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sip fuzz request


Perform a SIP request fuzzing attack

What it does

Perform a SIP fuzzing test on specific SIP requests. This tool allows testers to check the robustness of the SIP parser and SIP stack by sending mutated SIP messages to the target system.

Tool functionality

The sip fuzz request module helps identify unknown security issues using fuzzing techniques. It mutates SIP messages before they are sent to the target server by making use of the mutation engine that is specified. By default it uses radamsa, but the zzuf mutator can also be used as a mutation engine. For details about getting these third-party mutators setup on your system, please follow the installation page.

In the case of most SIP messages, the functionality is rather simple: send malformed SIP messages as fast as possible. In the case of INVITE messages, extra behaviour is implemented to trigger different conditions. A random user/extension is generated for each request sent by default.

The fuzzer works by repeating the following steps:

  1. Build the SIP message depending on the SIP message chosen and the corresponding template
  2. Generate the correct values for each SIP header (e.g. a random branch and call-id)
  3. Pass the SIP message to the mutator engine
  4. Send the mutated SIP message to the target
  5. Handle responses according to normal SIP logic just like the sip utils call utility

When credentials are passed using the relevant flag, the first unauthenticated SIP message is not passed to the mutator engine. This allows authenticated messages to be fuzzed. By default, all fuzzing methods (i.e. whole message, specific headers and so on) are used randomly but this behaviour can be changed by specifying a value to the fuzz flag. A tester can specify which SIP header is mutated by making use of the value header:specific-header, where specific header is a valid SIP header that is to be targeted. Other options are available to, for example, fuzz only the SIP message body or request line. Additionally, all SIP methods supported by this module are used randomly unless the method flag is used to specify an individual SIP method.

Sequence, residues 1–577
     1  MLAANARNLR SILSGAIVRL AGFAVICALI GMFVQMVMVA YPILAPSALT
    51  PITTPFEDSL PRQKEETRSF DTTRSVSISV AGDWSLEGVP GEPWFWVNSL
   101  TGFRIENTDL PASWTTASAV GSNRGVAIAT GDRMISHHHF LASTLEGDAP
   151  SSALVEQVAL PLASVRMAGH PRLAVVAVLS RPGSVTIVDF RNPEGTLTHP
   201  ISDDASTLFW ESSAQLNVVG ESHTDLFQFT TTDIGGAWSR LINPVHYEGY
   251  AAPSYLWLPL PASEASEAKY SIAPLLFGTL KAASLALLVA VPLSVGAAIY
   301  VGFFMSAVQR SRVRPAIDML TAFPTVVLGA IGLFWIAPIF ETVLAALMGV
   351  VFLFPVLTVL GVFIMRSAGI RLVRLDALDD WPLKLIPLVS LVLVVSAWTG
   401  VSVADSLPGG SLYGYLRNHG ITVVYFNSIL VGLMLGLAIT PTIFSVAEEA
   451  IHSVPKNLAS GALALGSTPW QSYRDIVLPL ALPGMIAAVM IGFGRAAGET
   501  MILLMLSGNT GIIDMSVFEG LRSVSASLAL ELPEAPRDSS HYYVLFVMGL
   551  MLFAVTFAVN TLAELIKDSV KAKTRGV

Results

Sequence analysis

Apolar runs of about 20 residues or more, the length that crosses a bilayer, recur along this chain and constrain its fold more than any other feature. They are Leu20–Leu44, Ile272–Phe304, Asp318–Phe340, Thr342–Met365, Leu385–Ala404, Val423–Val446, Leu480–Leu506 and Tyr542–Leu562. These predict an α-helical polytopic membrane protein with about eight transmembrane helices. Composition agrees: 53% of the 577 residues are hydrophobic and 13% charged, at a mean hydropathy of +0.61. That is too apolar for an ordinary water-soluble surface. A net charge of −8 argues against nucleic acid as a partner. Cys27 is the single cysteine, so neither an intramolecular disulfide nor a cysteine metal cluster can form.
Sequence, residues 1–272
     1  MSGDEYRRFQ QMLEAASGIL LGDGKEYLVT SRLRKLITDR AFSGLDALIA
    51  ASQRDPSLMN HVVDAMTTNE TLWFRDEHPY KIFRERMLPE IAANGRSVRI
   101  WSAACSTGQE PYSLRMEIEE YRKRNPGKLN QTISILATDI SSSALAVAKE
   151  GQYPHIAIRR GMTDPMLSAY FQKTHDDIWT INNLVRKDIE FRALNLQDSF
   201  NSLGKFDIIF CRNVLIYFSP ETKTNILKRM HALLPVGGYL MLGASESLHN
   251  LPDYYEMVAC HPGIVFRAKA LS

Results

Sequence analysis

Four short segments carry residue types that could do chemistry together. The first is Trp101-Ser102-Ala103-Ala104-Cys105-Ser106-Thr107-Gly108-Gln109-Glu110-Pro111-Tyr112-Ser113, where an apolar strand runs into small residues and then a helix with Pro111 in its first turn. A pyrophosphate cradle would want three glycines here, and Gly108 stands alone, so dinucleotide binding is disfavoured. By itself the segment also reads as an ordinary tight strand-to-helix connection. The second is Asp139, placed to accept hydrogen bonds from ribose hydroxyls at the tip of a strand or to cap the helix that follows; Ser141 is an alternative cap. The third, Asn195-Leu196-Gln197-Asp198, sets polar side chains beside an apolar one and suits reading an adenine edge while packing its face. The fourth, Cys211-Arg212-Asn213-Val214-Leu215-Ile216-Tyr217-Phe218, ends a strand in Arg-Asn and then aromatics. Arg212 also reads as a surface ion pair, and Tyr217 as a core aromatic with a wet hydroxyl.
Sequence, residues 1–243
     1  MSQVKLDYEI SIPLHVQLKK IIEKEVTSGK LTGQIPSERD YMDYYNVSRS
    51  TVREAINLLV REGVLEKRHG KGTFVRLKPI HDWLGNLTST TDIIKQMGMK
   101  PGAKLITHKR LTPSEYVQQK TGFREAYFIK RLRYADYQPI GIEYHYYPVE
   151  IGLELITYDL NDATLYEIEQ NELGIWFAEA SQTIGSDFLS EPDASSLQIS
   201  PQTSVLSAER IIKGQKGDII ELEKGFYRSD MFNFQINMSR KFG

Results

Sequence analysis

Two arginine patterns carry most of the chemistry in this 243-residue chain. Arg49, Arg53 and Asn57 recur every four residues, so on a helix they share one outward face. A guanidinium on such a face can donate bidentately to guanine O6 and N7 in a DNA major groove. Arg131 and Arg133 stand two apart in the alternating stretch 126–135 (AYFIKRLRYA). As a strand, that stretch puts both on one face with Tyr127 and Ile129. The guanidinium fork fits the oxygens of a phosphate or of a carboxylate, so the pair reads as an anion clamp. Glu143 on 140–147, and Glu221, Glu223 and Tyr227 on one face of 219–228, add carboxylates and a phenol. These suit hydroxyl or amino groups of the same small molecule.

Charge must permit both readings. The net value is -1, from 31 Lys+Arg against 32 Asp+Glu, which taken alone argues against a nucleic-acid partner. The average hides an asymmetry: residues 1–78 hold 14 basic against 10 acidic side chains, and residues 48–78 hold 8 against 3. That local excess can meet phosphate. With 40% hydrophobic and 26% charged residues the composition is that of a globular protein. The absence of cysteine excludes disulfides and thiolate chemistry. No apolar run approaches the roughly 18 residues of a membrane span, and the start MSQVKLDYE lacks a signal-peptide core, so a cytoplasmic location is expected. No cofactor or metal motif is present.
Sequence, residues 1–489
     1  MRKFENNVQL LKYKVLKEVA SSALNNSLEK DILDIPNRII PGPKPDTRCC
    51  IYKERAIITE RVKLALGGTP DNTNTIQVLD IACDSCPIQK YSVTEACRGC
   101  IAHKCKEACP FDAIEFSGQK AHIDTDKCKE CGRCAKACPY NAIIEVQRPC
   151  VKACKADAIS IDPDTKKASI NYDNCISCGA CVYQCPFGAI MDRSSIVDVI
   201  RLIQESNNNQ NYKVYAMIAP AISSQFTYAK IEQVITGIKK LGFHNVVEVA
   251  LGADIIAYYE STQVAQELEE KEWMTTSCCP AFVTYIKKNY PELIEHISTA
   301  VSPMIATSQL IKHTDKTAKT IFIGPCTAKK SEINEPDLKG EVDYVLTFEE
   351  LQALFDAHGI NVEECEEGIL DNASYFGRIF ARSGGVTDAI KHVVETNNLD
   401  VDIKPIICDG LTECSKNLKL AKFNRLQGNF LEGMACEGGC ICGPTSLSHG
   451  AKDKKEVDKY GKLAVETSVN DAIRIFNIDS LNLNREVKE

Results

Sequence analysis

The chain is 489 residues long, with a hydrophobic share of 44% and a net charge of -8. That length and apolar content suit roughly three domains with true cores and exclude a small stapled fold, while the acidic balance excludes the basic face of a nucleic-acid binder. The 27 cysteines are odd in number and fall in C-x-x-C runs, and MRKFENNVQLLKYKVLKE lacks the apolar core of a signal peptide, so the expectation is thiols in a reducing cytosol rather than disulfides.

A prober is switched on by default, which will send a SIP message that is known to elicit a response from the target system. This is used to monitor the system and tell if the system starts missing messages or stops responding at all. This is done by sending the same message that is used to initiate the SIP fuzzing exercise. The prober should record the response code so that if it later changes (e.g. from a 200 or 404 to a 5XX server error), it can report this change. If the prober starts missing responses, these get logged as a non-fatal error.

Video demonstration

sipvicious sip fuzz request

Command format

sipvicious sip fuzz request <target1 [target2 [target3 ...]]> [flags]


      --auth-config strings   Specify SIP authentication configuration. See documentation for details e.g. algorithm:sha-256
      --caller-mode strings   Specify how to behave when the method being fuzzed is INVITE; format: action or action:duration; (ignore|hangup-trying|hangup-ringing|hangup-call|never-hangup); default: ignore
      --close-conn            Close the connection after sending each message, instead of keeping it alive
  -c, --conn-count int        Number of sockets to use (per target) (default 30)
  -u, --credentials string    Set the username and password in the following format: username:password[:realm] (e.g. 1000:test123:snowflake). Realm is optional
  -D, --domain string         Override domain name for the SIP address
  -e, --extension string      Specify a target extension or SIP URI in the To address; if not specified, a random numeric extension is used when required